In a warehouse at a large manufacturing company in St. Louis, Harry sits at his desk and contemplates how he will dispose of dozens of boxes of new, unused and no longer needed electrical components.
Nearly 2,000 miles away in San Diego, Sally, a purchasing agent for a small west coast manufacturer, is in need of those same electrical parts, but knows her budget won’t allow her to purchase the equipment new.
A St. Louis startup wants to make sure, in a manner of speaking, that Harry meets Sally.
The company is Manufacturers’ Inventory, an online marketplace that connects manufacturing companies that have unused parts and inventory taking up space in warehouses, with buyers around the world who need those specific parts.
Co-founder Brian Kohlberg says his company is meeting a $20 billion demand. That figure – $20 billion – is the value the U.S. Census Bureau placed on the amount of excess electrical parts inventory that was clogging the shelves of American manufacturing companies in 2010.
Big companies often “overpurchase” such equipment to ensure they have enough stock to replace parts that wear out. When those companies clean their warehouses to make room for new parts, they often are forced to liquidate millions of dollars of merchandize for cents on the dollar, donate it, or simply throw it away.
Kohlberg says the idea behind Manufacturers’ Inventory came about when co-founder Brandon Twitty was working for a local printing press company, and was frustrated that the company was simply discarding many usable parts. Twitty later left that company to create a firm called Dead Inventory Management System (DIMS), to attack the problem.
Much of the excess equipment that is piling up across the country comes in the form of electrical components – and that is the area where Manufacturers’ Inventory, Dead Inventory Management System’s first business unit, is concentrating first. Kohlberg says the company is considering plans to expand the business into areas such as excess commercial tires and chemicals. But he adds that any part that has a part number could be a potential candidate for the Manufacturers’ Inventory system.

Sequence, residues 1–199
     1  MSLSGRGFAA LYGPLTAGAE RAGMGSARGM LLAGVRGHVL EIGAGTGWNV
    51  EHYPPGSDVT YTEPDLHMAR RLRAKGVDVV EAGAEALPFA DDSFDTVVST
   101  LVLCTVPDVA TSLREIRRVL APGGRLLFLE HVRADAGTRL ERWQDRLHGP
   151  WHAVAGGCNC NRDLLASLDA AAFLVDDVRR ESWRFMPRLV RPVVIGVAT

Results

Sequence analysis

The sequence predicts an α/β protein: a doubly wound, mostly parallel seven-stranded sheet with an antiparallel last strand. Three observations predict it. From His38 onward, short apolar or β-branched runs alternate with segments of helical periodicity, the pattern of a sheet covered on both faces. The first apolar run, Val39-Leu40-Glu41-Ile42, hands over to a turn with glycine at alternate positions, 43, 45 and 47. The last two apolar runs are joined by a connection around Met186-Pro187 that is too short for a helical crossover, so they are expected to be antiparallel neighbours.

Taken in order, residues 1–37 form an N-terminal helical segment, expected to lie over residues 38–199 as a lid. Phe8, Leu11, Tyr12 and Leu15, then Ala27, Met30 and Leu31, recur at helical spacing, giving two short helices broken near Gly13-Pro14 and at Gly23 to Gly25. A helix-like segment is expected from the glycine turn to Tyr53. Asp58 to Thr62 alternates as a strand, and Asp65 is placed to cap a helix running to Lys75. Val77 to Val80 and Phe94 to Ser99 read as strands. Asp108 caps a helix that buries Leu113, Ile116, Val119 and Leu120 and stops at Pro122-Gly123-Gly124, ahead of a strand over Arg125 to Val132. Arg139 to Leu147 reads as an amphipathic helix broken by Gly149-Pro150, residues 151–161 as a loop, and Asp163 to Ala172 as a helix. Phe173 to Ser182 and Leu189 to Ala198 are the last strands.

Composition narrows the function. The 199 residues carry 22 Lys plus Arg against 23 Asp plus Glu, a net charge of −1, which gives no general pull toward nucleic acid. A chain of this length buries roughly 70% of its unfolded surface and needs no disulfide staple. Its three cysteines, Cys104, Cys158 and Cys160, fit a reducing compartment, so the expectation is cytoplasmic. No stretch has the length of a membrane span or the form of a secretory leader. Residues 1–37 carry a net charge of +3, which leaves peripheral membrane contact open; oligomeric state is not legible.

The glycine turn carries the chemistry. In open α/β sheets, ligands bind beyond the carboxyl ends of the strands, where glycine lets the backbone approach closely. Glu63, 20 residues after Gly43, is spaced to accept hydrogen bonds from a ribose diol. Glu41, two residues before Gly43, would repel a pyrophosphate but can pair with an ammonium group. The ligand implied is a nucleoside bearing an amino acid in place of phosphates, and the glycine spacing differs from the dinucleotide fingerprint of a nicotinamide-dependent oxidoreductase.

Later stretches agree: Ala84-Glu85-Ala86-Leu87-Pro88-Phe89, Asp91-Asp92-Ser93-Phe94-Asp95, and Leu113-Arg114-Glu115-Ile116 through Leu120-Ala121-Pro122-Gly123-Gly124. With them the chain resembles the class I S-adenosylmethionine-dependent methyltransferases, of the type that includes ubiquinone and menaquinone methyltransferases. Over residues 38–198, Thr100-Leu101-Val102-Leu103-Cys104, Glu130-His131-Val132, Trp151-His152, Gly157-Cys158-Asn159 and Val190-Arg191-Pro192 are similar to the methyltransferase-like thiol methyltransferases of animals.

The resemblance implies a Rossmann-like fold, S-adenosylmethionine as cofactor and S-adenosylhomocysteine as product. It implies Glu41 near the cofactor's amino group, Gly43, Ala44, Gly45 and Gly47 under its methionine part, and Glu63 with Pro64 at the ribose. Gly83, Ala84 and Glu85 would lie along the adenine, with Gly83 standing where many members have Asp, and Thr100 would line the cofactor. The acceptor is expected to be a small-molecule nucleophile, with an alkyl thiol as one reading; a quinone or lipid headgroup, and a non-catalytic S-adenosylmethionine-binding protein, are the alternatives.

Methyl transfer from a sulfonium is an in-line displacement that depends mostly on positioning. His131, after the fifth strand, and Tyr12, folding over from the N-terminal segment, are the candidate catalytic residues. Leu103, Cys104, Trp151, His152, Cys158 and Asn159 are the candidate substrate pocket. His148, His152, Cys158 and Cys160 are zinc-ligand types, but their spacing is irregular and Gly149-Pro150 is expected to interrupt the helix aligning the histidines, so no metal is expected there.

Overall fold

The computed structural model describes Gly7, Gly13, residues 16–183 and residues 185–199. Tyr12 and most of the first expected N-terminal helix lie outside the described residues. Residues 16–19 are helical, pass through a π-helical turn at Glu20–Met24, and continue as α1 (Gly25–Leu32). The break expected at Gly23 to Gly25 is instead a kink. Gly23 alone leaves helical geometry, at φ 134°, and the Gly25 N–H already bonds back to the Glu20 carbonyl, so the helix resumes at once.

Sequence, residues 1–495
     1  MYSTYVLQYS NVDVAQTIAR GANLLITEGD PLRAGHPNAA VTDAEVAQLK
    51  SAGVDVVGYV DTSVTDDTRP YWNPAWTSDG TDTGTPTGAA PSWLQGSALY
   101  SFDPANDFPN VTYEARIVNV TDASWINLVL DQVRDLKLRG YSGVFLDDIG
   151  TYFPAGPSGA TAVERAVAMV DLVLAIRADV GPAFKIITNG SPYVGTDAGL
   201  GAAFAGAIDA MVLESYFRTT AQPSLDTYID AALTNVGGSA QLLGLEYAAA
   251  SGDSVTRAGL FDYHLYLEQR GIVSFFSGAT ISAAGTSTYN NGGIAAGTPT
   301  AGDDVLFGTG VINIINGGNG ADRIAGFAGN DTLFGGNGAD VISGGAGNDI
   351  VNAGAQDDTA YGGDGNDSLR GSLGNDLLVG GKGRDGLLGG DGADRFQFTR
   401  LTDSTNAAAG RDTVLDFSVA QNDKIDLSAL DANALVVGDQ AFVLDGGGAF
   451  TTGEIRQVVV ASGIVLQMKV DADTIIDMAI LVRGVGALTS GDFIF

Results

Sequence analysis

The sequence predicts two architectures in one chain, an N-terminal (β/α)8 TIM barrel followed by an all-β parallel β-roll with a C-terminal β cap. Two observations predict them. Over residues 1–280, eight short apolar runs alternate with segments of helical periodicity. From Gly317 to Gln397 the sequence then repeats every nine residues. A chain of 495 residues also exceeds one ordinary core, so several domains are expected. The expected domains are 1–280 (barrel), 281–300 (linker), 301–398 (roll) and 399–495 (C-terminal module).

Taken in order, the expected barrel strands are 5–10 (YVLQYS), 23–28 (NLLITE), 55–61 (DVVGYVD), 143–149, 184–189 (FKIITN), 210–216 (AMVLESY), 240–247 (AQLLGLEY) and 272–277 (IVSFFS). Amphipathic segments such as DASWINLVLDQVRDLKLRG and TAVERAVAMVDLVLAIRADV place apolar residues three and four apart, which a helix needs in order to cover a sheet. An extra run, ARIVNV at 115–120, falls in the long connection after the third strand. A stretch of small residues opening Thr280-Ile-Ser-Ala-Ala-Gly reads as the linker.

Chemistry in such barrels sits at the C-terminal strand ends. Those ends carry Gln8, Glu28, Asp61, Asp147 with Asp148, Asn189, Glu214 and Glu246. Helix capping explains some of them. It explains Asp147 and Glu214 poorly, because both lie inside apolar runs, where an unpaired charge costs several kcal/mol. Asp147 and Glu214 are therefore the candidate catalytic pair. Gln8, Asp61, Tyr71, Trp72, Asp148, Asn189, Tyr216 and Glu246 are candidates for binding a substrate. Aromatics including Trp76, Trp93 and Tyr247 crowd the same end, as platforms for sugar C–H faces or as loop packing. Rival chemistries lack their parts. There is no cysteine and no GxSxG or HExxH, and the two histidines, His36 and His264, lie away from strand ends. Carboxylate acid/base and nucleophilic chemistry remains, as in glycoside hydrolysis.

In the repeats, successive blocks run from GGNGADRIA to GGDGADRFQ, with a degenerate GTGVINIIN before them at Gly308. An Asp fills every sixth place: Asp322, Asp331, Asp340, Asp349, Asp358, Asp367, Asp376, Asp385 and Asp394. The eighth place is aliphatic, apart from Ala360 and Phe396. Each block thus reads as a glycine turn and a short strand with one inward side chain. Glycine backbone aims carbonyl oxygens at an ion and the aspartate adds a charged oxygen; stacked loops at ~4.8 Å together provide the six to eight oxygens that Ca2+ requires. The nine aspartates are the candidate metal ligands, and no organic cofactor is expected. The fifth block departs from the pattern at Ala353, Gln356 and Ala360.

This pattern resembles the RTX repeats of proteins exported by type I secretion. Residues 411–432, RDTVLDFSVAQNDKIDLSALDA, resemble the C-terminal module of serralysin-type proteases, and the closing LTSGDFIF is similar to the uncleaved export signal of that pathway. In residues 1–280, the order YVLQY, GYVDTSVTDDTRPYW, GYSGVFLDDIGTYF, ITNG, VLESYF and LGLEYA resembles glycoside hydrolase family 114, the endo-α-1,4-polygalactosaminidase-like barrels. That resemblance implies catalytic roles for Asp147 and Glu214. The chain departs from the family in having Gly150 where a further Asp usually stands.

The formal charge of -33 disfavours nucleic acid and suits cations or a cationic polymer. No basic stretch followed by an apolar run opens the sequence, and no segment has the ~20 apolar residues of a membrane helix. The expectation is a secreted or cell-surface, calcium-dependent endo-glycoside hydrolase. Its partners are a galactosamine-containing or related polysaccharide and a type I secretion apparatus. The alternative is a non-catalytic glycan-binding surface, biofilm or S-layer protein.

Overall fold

Speaking from a trade show in Las Vegas, Kohlberg noted Manufacturers’ Inventory already has signed 30 customers onto the portal, with another 30 creating lists of products to be marketed on their site. He notes most of those who’ve signed on are sellers, rather than potential purchasers, although he says ultimately many the portal’s users will be companies that likely will buy, as well as sell, excess inventory.
Manufacturers’ Inventory will make its money via a commission on sales. Kohlberg says unlike services such as eBay and Amazon, Manufacturers’ Inventory asks sellers to pay nothing upfront to list and market their excess items.
One of the advantages of the system, says Kohlberg, is a feature that allows Manufacturers’ Inventory to collect data that enables it to provide a recommended market price for each item being sold – not unlike a “Kelly Blue Book” suggested price in the used car resale world. Buyers and sellers are free to choose the suggested price, or work out a price on their own.
A unique tech advantage of the system, says Kohlberg, is its ability to list large amount of items very quickly. All a seller needs to do is provide a manufacturer part number and quantity on an excel sheet, and Manufacturers’ Inventory can turn it into a listing – with the ability to turn nearly 5000 unique line items into 5000 listings in under an hour. Sellers no longer have to create and manage listings on sites like eBay or Amazon, a process that typically takes 10-15 minutes per listing. Manufacturers’ Inventory creates those listings for the seller – a big plus, Kohlberg says, of the Manufacturers’ Inventory system.
Earlier this year, the technology accelerator fund Capital Innovators provided a $50,000 investment in Manufacturers’ Inventory. Since March of 2012 MI has called the T-Rex business incubator building in downtown St. Louis their international headquarters and home.